Little is known about racial identity claims of African migrants living in Israel who originate from countries where race is not a dominant identity marker. This article examines how Eritrean migrants, coming from a country where race-based social organisation is not prevalent, strategically adopted ‘Black’ as their identity marker in Israel. Online newspaper reports and conversational interviews with four Eritrean migrants were used as sources of data. During various anti-deportation protests, Eritrean migrants held signs with slogans referring to themselves as Black. Some of the slogans include: ‘Do Black lives matter in Israel?’, ‘Black or White I am human’, ‘Deported to death because I am Black’, and ‘Now I am White, will you deport me?’ I argue that for first generation Eritrean migrants in Israel, Black racial identity was adopted strategically as a political identity of social mobilisation and resistance in the face of a racialised and exclusionary migration policy.
The article argues that there are three senses of the term African diaspora – a continental, a cultural and a racial sense – which need to be distinguished from each other when conceptualising Black African diasporas in Europe. Although African Diaspora Studies is occupied with African diasporas in a racial sense, usually it has conceptualised these in terms of racial and cultural identities. This is also true of the past decades of African Diaspora Studies on Europe. This article makes an argument for a socio-political conceptualisation of Black African diasporas in Europe that includes, but goes beyond, matters of identity and culture.
Non-formal apprenticeship opportunities have a clear record of effectiveness, as evidenced by several research studies. After completing short-term vocational training, apprentices demonstrate the required vocational skills. How is learning constructed in a non-formal learning process? What forms of interaction are developed? What are the determinants of the effectiveness demonstrated by apprentices?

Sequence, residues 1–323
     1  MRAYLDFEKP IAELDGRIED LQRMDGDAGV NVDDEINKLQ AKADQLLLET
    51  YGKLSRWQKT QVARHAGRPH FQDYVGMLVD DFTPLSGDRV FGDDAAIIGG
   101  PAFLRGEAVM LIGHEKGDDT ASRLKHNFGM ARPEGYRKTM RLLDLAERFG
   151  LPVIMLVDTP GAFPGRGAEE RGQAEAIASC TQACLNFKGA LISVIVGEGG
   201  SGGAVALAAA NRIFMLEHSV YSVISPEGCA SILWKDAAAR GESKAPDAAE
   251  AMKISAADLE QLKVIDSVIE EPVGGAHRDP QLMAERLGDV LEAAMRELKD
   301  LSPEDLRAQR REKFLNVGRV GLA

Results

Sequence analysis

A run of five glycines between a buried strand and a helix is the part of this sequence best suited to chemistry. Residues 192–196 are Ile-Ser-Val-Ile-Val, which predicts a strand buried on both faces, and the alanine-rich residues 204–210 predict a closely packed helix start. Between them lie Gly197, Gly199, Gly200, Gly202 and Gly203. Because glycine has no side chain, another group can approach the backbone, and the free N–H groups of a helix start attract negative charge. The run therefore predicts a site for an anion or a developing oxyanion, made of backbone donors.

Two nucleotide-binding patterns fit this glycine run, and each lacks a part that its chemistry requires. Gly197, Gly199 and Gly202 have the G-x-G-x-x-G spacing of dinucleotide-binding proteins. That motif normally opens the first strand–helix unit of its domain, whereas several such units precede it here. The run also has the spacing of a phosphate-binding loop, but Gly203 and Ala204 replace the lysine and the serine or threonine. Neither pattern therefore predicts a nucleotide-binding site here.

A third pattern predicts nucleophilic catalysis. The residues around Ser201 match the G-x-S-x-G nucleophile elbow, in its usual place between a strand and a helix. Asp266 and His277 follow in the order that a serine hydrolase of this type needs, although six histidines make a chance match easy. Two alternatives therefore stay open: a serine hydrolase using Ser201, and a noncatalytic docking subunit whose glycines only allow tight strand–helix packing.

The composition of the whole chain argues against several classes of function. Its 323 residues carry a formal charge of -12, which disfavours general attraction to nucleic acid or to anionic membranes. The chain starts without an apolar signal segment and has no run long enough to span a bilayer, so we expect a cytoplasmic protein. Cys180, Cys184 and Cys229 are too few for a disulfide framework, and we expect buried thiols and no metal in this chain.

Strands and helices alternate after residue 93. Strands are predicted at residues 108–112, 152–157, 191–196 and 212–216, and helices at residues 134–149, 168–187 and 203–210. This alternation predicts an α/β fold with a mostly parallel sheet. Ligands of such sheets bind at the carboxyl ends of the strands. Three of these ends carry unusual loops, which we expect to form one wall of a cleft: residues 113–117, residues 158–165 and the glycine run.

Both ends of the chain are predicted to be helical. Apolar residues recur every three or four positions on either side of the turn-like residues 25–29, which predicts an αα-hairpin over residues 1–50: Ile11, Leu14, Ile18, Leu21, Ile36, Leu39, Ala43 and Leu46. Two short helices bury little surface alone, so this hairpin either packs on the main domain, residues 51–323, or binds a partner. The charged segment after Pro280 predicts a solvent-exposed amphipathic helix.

This article answers these questions by analysing data from a survey that evaluates the elements of the training context and the level of skills acquired by apprentices. It shows that there is great flexibility in the organisation and techniques of learning, as well as permanent interdependence between apprentices, which facilitates the co-construction of skills.
Several programmes by government and non-governmental organisations aimed at improving maternal health in many sub-Saharan African nations have not achieved significant results. Use of traditional maternal care services has been identified as still prevalent and thus a possible factor. This study investigated determinants of use of traditional birth services (tbs s) among patrons in tbs-inclined communities of Nigeria and Ghana. A total of 180 and 160 patrons of tbs s were selected from the respective countries, using a multi-stage procedure. The most utilised tbs s include home delivery, concoctions/herbs and family planning. Educational level, constraints to using conventional services, income, and perceived social and economic advantages significantly influenced utilisation. Patrons in Nigeria had better perceived relative advantages of tbs than Ghana, while the accessibility of conventional maternal services, performance rating and overall utilisation of tbs s did not differ significantly between the two countries. Social bonds and economic status were the main reasons for continued patronage of tbs s.